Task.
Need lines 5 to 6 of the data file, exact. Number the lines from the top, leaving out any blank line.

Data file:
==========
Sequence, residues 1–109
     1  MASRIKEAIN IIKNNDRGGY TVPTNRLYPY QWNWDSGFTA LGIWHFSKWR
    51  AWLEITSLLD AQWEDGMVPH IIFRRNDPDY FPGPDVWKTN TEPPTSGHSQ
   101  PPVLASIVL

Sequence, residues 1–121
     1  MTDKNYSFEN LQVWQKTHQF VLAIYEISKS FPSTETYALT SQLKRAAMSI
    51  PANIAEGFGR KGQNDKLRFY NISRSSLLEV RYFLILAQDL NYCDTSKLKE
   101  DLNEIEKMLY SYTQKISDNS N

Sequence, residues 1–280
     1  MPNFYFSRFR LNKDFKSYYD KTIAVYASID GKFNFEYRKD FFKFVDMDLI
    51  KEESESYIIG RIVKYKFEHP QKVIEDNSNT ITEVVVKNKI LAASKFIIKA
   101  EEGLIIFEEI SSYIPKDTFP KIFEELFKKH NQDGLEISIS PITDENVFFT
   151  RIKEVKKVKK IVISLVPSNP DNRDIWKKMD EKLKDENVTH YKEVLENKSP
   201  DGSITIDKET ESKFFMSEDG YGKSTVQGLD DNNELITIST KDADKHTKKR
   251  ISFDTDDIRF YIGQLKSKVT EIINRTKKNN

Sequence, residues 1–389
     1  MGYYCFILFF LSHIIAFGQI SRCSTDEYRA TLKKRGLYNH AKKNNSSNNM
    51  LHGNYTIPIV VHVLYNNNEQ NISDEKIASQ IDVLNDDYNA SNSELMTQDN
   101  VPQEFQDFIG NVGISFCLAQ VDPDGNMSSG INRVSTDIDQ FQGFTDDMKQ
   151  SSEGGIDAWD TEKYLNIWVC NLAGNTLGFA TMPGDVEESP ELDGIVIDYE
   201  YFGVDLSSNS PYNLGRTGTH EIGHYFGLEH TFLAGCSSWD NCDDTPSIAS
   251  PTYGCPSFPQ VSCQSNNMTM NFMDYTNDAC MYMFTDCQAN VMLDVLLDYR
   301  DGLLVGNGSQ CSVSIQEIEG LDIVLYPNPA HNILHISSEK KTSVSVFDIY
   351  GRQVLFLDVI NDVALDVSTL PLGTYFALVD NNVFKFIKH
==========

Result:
Sequence, residues 1–121
     1  MTDKNYSFEN LQVWQKTHQF VLAIYEISKS FPSTETYALT SQLKRAAMSI